The students of Kumaraguru College of Technology were fortunate to have T.N.A Perumal inaugurate Studio KCT, a photography initiative start up on their campus
The studio lights are on. A DSLR camera is docked on to a tripod and a group of engineering students take turns to click the shutter. A photo session is in progress at Studio KCT, a start up by students of Kumaraguru College of Technology at their campus in Saravanampatti. They plan to use the studio to design posters too with photo editing software, and take up photography assignments. “We don’t want to restrict ourselves to clicking photographs of our college events. We want to take up work outside and earn too,” says Vikram.S. The start up has a core team of 15 members in addition to 100 students who have enrolled at the studio to learn and explore photography. Though at the moment the members are all engineers, there are plans to rope in fashion technology students too. “We have the cameras, the lighting equipment, and lenses such as the telephoto lens, and macro lens to suit photographic assignments,” he says.
Light and shades
T.N.A. Perumal, a pioneer in wildlife photography inaugurated the studio. He tells the students, “Photography is like creating a painting, an expression with light. The play of light and shades create a particular mood in a picture.” He describes technology as a great support to creative pursuits in photography. Perumal spoke of his times when photography was hard work. “When I started, a photographer had to have the knowledge of physics, chemistry and mechanical work too. We worked with chemical solutions to develop photographs. Handling a camera lens, the opening and closing of the shutters all involved knowledge of physics.”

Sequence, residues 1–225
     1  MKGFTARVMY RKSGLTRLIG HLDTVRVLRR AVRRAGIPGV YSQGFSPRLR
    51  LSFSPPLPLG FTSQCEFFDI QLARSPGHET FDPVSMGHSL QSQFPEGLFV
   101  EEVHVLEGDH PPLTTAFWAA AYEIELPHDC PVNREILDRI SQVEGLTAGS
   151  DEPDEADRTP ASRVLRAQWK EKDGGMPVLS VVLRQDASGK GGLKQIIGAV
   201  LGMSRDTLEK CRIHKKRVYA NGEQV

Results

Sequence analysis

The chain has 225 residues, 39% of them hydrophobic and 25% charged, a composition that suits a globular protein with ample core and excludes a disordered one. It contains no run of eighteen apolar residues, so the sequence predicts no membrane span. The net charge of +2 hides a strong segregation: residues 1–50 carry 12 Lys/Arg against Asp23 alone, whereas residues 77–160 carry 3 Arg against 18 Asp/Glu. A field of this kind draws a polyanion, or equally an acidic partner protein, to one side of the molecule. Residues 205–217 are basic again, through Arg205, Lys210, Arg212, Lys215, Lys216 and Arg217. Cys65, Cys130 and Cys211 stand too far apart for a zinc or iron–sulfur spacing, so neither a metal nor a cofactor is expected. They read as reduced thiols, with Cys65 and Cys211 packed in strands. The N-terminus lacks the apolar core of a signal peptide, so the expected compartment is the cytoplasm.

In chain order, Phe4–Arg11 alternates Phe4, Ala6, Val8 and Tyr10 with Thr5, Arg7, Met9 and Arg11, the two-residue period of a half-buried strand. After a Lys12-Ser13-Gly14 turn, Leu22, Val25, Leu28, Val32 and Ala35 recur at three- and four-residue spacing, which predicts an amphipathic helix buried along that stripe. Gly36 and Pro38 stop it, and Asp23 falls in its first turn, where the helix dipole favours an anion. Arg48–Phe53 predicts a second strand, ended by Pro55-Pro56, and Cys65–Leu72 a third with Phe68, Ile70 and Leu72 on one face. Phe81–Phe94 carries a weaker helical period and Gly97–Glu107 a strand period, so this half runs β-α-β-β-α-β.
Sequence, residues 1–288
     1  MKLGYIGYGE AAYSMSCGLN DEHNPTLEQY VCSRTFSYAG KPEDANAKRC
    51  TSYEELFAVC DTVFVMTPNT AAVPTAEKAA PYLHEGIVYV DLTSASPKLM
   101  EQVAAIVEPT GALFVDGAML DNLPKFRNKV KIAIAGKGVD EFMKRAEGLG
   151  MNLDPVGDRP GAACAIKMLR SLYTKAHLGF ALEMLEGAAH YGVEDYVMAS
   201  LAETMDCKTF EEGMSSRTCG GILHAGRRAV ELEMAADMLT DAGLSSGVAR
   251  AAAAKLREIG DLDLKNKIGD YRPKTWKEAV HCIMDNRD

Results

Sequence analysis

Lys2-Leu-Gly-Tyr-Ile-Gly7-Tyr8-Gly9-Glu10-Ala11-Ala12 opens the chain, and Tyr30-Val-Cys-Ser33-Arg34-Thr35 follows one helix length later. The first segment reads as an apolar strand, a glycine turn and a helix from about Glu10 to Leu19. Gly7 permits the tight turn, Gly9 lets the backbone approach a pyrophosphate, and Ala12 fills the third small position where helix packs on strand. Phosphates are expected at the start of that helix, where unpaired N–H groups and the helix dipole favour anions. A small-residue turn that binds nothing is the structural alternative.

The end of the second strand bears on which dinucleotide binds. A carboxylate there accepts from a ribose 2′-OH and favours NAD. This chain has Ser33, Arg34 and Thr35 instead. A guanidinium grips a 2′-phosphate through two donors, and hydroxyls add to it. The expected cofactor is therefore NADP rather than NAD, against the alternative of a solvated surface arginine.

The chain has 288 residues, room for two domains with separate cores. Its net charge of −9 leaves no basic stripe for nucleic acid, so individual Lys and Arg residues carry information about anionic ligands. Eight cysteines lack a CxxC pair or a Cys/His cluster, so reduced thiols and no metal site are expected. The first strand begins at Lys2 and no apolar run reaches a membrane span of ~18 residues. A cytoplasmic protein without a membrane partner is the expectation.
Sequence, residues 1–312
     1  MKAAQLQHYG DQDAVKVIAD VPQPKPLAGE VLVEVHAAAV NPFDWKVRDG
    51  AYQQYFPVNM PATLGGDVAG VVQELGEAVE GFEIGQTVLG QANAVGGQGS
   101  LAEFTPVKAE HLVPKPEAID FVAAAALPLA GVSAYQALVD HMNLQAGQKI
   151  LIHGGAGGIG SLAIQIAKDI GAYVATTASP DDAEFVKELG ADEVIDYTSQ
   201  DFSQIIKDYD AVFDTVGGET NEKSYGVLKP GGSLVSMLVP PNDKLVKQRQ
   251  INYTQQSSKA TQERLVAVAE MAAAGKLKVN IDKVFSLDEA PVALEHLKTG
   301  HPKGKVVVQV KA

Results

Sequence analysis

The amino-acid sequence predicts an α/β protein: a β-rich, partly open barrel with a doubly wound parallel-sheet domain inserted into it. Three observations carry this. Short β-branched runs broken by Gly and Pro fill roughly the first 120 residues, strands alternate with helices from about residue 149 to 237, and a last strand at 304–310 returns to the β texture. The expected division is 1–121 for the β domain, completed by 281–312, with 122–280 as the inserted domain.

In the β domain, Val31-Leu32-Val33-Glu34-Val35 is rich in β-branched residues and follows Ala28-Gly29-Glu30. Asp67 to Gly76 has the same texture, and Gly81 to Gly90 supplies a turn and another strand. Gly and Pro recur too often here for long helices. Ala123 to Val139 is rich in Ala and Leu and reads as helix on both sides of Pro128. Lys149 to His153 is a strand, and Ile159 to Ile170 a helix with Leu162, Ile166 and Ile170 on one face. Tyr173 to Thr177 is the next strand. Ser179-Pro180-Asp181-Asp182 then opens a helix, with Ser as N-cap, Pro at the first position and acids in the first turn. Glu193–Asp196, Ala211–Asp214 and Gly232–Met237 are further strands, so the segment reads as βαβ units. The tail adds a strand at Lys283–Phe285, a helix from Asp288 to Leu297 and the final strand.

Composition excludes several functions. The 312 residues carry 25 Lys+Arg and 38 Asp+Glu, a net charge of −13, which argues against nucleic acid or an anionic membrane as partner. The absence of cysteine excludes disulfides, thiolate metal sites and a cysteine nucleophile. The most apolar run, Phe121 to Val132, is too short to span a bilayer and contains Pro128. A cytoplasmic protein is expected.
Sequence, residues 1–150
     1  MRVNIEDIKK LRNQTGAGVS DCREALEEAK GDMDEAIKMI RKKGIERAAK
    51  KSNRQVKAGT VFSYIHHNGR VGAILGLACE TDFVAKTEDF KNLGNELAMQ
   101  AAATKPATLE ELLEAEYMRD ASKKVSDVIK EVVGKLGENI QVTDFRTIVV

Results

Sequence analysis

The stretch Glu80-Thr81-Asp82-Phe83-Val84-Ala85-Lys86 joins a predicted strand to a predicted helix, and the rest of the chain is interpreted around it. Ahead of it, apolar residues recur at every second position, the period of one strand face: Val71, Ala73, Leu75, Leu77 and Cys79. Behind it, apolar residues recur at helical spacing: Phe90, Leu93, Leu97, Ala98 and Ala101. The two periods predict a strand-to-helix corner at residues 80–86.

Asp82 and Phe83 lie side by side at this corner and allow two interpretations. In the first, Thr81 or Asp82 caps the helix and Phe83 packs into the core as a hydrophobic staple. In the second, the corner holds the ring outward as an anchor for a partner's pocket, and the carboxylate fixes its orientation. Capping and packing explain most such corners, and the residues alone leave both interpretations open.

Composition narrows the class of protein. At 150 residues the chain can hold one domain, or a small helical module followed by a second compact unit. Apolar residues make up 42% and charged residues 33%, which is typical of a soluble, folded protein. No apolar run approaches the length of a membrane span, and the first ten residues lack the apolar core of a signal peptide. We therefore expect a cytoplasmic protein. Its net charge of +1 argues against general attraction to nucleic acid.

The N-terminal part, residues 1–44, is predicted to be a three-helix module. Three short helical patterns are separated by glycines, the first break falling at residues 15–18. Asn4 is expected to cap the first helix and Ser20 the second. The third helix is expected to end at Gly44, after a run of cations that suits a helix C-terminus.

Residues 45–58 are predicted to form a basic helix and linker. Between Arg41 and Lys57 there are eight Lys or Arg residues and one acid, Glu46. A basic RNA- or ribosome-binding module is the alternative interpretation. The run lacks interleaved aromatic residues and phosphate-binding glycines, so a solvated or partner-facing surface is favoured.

But he cautions that the technology has its limitations. “Photography is a vast field, so a basic foundation is important. Every human action can be photographed. There is plenty of scope in medical photography, aviation engineering, and so on. Youngsters should approach photography as art. They should read, follow and learn from the works of old timers and participate regularly at Indian and international photographic salons. Youngsters should be curious, learn and observe Nature.”
Perumal describes his mentor O.C. Edwards, a pioneer in bird photography, as a perfect gentleman. “I learnt from him how to treat a fellow photographer with respect.”
Shankar Vanavarayar, joint correspondent of the college said such creative manifestations prepared the students to face the highly competitive market confidently. He recently took the students on a photography tour of Tanjore. “At such activities they open-up, bond well as a team, and learn heritage, culture and art.” The students dedicated a wall at the campus to some of the best black and white wildlife photographs of T.N.A. Perumal.